I spent the last three days with some dear friends and they said, "Did you imagine it to be this way?" and I said, "Yes, but not in banking." I imagined what I would do and what I do every day to be this, which is be passionate and work with people and solve problems and use an analytical way of doing things, but I never imagined it would be in banking. Now that I am, I can't imagine ever being not in banking, which is kind of interesting because I don't think any six year old says, "That's what I want to do in life," but I think it's one of the most wonderful professions to be in.
Alana Muller: Yeah. Well, I love how you talked about your constituency as kind of knowing your audience and understanding who your client base is, including not just customers of the bank, but the associates of the organization, the shareholders, prospects, the community at large. And as you know, the focus of our podcast is really all about creating and nurturing business relationships. One of the things that I love about Enterprise is that the bank has kind of... It's put a stake in the ground saying that it wants to ensure that it develops relationships that lasts. Can you talk a little bit about that and what you see not only from your own behavior and what you foster though, in the rest of the associates?
Jim Lally: Yeah. I believe this, that the success of an organization is about the deep relationships. It's hard to say that you're 100% non-transactional. Well, you're never going to be that way, but the closer you can be in our industry of being non-transactional, the more successful you're going to be, so you have to build long lasting relationships. I think about it this way. It's got to be two ways. It's got to be two way. You have to certainly give initially, but you also have to receive and you have to be honest with yourself in that relationship if you're constantly giving, giving, giving and not taking. And if you can do that and find ways to connect, it's a long, beautiful relationship you have with a company, a family, a COI. We have a senior leader in our company and she refers to relationships in our industry as professional friendships and I think that might be one of the best clear ways to describe how we think about relationships.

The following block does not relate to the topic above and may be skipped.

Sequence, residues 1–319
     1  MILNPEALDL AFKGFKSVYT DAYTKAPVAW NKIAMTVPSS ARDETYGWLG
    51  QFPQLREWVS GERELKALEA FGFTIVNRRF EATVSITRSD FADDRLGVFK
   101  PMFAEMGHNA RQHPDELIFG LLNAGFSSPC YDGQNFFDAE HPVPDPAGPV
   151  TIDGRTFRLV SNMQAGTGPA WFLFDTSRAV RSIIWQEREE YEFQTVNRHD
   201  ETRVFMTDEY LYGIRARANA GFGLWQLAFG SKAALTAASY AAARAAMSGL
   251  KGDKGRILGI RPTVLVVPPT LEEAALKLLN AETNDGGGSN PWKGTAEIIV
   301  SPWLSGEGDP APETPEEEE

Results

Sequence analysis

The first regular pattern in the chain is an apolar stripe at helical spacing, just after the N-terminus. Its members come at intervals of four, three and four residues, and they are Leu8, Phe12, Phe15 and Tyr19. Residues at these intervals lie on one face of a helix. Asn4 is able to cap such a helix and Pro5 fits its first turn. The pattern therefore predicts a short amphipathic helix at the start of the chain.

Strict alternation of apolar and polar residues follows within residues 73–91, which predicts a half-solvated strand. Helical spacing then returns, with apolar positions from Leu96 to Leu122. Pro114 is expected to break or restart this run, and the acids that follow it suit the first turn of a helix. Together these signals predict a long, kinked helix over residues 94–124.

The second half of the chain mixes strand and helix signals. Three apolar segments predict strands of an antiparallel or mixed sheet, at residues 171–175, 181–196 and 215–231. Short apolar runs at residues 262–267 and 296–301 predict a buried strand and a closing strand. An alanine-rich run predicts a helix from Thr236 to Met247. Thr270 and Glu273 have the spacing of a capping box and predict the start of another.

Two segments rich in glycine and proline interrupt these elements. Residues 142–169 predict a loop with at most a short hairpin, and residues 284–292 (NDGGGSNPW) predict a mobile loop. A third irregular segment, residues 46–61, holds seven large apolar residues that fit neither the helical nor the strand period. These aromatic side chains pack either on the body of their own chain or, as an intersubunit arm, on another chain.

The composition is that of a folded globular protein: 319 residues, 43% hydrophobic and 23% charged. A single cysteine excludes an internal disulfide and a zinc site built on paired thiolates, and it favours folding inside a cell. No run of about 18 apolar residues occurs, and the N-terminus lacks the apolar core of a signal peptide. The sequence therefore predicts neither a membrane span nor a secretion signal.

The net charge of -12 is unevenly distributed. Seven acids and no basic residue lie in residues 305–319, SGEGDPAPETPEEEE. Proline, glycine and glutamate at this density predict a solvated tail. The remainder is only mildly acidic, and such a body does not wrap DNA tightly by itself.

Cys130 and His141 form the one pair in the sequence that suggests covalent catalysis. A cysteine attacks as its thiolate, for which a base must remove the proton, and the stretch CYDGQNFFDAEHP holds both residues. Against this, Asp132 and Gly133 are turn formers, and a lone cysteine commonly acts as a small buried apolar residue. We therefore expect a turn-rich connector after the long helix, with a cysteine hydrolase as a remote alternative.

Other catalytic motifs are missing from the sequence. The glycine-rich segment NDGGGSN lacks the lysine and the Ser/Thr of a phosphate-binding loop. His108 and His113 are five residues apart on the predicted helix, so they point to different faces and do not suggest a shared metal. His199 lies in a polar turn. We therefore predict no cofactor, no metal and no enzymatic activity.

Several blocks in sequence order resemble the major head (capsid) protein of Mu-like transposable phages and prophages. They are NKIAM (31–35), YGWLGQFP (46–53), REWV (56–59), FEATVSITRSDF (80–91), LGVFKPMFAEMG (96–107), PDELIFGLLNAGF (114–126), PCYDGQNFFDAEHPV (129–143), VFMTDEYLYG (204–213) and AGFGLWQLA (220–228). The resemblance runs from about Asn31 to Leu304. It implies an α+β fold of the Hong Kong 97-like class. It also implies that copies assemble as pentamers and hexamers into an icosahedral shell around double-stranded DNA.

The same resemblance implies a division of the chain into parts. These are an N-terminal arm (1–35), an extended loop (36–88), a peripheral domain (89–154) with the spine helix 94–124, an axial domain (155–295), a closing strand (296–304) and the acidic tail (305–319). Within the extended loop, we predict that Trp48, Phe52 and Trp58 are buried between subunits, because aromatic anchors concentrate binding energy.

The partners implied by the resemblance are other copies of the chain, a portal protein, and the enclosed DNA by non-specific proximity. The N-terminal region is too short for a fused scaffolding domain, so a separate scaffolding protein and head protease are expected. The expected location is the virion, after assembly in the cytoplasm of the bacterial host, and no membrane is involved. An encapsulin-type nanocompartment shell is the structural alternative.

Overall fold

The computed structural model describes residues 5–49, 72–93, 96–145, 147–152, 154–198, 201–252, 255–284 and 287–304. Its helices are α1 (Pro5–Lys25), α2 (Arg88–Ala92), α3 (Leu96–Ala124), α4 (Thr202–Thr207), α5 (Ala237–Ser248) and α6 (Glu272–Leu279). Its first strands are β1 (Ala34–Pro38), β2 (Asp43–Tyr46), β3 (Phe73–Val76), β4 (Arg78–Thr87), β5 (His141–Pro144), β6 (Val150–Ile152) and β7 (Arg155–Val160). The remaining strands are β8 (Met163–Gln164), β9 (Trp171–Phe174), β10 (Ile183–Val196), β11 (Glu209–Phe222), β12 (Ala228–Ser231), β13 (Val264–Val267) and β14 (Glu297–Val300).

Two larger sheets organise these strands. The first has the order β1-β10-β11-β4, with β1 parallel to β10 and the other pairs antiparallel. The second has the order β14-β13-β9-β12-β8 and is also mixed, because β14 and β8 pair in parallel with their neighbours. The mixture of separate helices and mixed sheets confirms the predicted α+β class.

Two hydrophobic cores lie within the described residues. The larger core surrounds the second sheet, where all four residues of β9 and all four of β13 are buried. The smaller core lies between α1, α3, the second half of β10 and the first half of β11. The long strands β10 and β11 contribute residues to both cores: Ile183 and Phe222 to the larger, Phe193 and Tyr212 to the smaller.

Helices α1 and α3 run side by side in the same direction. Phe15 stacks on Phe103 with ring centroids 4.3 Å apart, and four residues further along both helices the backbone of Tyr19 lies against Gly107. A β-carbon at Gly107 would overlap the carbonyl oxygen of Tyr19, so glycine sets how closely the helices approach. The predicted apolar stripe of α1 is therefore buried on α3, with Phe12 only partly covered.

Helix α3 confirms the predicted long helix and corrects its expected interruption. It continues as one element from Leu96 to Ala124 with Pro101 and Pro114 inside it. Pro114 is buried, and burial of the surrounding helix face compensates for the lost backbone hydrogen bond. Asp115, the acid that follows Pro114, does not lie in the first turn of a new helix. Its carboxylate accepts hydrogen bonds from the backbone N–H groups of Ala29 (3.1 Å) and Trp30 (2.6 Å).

If you can really make it analogous to some of your deepest personal friendships and how you built them over time and how they ebb and flow and sometimes you feel bad because you haven't quite called them with good news or bad news, but yet you find a way to come back to them and that's how I think about relationships in business.
Alana Muller: I love that, that mutually beneficial bi-directional nature that you're describing and I have witnessed that from so many of the associates of Enterprise, so I applaud you and the organization for really making that a priority. I think when these relationships can be mutually beneficial, not only do people want to keep coming back, because as you said, they're friends. These are relationships that matter, that are meaningful, so I really appreciate that as your guideposts. As CEO, I know that you're serving lots of different constituencies, as you described, but I know that so many of your years were spent specifically with clients and prospects. Can you talk a little bit about what specific approaches that you've found to be the most effective so that not only could you grow, but you could also nurture and serve your network?